But even if the explanation is entirely that women disproportionately publish in ethics, and “top journals” disproportionately don’t publish ethics, there remain fairly specific places where sexism could rear its head; most of this could well be unconscious sexism, done without malice, but for that reason all the more difficult to fight. If this is the (or an) explanation, we should certainly worry about these three factors:

    (1) Why do women disproportionately specialize in ethics? Is it that they’re made relatively unwelcome in epistemology/metaphysics/science?

    (2) Why do top journals publish relatively little ethics? Do people unconsciously devalue ethics because the field is considered feminized?

    (3) Alternatively, why aren’t more journals that do specialize in ethics considered top journals? Again, is ethics unconsciously devalued because it’s considered more of a woman’s field?

    Of course I’m layering speculation on speculation here. But I think there is some evidence that ethics is undervalued; Kieran Healy’s study of the Leiter rankings showed that strength in ethics contributed less to a department’s overall prestige than strength in metaphysics/mind/language, epistemology, or philosophy of science each taken individually. And I think the pattern is pretty widespread outside of academia that jobs that women hold are ipso facto considered less prestigious, so it wouldn’t be too surprising to see something similar working in philosophy.

    I also think that it might be worth adding history to the list; in my experience the history applicant pool has more women in it than M&E pools, and general-interest journals seem to publish even less history than ethics, while history ranks below ethics in the Healy study.

  19. akman says:

    Ross Cameron says:

    “I’m not sure what ‘minimal care’ I need to make to make a tentative hypothesis on my own blog; I considered myself to have sufficient reason to mention it that it seemed worth thinking about to me.”

    Well, when one entertains a thought such as “Men and women vary in their styles of writing and arguing” I think one needs to be careful. May I ask him what is his sufficient reason to think that this proposition seems to be true. Surely he is free to say all sorts of things in his blog but I assume some sort of explication must be available for the remarks of a philosopher if he wants to be read and understood by others.

  20. shaslang says:

    So, I don’t want to say too much here because I’d prefer to present the data at the APA session, but here are a few tidbits.

    In the “top” 20 grad departments according to the Leiter report, and based on Leiter’s list of faculty, though confirmed either by contact with a member of the department or by website with photos, there are about 19% women.

    I’ve done research on the number of women published in seven “top” journals over the past five years. One notable result was that in Mind, 95.5% of the articles (not including discussions and book reviews) are by men. The percentages of women in Ethics and Philosophy and Public Affairs look better than the others.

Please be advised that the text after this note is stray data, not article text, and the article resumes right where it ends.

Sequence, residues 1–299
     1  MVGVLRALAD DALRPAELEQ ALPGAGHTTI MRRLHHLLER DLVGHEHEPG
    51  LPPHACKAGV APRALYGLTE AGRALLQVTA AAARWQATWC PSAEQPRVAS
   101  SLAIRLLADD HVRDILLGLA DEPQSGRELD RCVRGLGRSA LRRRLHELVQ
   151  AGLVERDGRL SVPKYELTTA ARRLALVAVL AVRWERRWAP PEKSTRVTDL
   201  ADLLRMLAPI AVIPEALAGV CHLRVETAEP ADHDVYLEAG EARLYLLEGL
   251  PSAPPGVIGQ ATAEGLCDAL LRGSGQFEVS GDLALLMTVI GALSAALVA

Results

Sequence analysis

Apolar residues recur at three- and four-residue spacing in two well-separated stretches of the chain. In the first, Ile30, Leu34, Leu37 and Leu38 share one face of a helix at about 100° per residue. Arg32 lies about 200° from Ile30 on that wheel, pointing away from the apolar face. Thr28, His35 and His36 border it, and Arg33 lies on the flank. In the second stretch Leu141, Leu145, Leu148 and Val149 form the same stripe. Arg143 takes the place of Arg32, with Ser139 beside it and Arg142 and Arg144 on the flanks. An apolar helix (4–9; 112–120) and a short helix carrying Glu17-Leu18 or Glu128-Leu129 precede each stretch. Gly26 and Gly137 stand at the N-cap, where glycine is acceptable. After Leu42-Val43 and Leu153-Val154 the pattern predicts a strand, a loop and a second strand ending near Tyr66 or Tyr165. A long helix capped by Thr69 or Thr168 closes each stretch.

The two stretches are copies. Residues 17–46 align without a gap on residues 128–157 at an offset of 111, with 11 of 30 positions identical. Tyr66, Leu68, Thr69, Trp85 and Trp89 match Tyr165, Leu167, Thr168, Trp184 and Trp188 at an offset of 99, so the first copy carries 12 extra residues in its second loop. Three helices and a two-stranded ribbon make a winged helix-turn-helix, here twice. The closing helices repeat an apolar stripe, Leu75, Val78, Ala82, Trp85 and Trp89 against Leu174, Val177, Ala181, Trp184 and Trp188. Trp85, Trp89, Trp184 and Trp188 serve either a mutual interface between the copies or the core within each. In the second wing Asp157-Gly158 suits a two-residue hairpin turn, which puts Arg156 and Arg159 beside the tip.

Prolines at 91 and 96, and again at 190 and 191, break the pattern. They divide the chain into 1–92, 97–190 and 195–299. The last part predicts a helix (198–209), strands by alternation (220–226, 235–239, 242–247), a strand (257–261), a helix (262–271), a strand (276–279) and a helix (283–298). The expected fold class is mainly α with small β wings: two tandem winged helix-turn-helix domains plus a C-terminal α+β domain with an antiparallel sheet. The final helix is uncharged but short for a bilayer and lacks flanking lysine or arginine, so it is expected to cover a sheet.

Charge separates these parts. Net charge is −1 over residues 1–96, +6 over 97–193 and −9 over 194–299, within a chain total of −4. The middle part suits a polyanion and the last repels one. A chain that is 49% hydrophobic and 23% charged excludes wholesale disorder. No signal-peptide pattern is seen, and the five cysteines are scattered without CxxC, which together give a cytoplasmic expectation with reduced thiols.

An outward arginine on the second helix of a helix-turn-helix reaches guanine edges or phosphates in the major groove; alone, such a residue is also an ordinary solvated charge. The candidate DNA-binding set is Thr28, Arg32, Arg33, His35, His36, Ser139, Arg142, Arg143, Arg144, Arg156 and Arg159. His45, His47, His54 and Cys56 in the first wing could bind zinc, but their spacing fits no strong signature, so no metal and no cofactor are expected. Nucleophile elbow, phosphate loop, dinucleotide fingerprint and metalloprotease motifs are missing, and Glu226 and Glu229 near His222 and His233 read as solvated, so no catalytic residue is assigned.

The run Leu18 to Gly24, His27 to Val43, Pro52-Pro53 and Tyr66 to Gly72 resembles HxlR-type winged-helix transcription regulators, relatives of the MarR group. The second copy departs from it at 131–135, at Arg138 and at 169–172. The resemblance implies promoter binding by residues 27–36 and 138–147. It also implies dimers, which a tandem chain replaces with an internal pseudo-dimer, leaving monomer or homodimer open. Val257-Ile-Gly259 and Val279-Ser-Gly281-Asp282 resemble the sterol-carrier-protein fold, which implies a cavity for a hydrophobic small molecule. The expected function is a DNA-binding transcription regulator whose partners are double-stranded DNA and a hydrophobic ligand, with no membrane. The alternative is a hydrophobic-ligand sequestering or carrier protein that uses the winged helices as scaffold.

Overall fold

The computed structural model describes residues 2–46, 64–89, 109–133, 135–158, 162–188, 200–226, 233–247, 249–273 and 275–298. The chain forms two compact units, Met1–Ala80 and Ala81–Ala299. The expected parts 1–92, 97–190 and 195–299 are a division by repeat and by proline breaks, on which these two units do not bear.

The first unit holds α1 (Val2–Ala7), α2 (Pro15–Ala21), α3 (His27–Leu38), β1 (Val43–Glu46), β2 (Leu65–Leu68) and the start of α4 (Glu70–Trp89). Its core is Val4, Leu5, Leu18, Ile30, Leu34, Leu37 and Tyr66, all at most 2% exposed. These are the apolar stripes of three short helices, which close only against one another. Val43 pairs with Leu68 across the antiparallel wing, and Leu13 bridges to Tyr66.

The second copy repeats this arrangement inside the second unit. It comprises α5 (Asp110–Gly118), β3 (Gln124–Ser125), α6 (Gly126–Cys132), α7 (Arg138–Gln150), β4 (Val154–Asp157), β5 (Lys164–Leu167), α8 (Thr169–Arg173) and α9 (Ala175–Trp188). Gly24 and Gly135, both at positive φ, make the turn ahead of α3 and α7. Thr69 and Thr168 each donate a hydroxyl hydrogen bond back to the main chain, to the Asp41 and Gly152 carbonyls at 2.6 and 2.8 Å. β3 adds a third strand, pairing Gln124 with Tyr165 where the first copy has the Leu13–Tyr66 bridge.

However, if we look at journals in related fields oriented towards language and mind we find this:
    Mind and Language: 26.5% women
    Linguistics and Philosophy: 24.4% women

    I don’t have access to numbers of submissions, numbers of papers sent out to referees, refereeing processes, etc. All of this should be examined before we can bs clear what conclusions to draw.

    After the APA I intend to publish my comments in the Hypatia “musings” column, and will also make the data available on a website.

  21. Greg Fowler says:

    Michael Kremer: Although the ‘gender genie’ website gets strange results when text is inputed from such works as Sense and Sensibility, Frankenstein, and The Turning of the Screw, there may be a plausible way to explain this so that it does not constitute a challenge to the claim that the ‘gender genie’ can usefully be used to test whether female philosophers and male philosophers write differently. In particular, it may be that the algorithm used by the ‘gender genie’ site was developed based on the tendencies for word use among contemporary writers. If such word use has changed since the time that Sense and Sensibility, Frankenstein, and The Turning of the Screw were written, then (if the algorithm was developed in the manner suggested) it should come as no surprise that the ‘gender genie’ gets the gender of the authors of those works wrong.

  22. Dan López de Sa says:

    “I hope people will report on Sally Haslanger’s data for those of us who won’t be at the Central.”

    I also hope so. Does anybody know of any other existing relevant study?

  23. Matt Weiner says:

    Thanks for the preliminary word, Sally! For the record, Dan’s post 22 showed up before yours for some reason, in case it seems that he was ignoring you.

  24. Aidan McGlynn says:

    Brit Brogaard has posted a report from the session at the Central APA over at Lemmings, including some of the data people in this thread were looking for:

    http://lemmingsblog.blogspot.com/2007/04/apa-report-status-of-women-in.html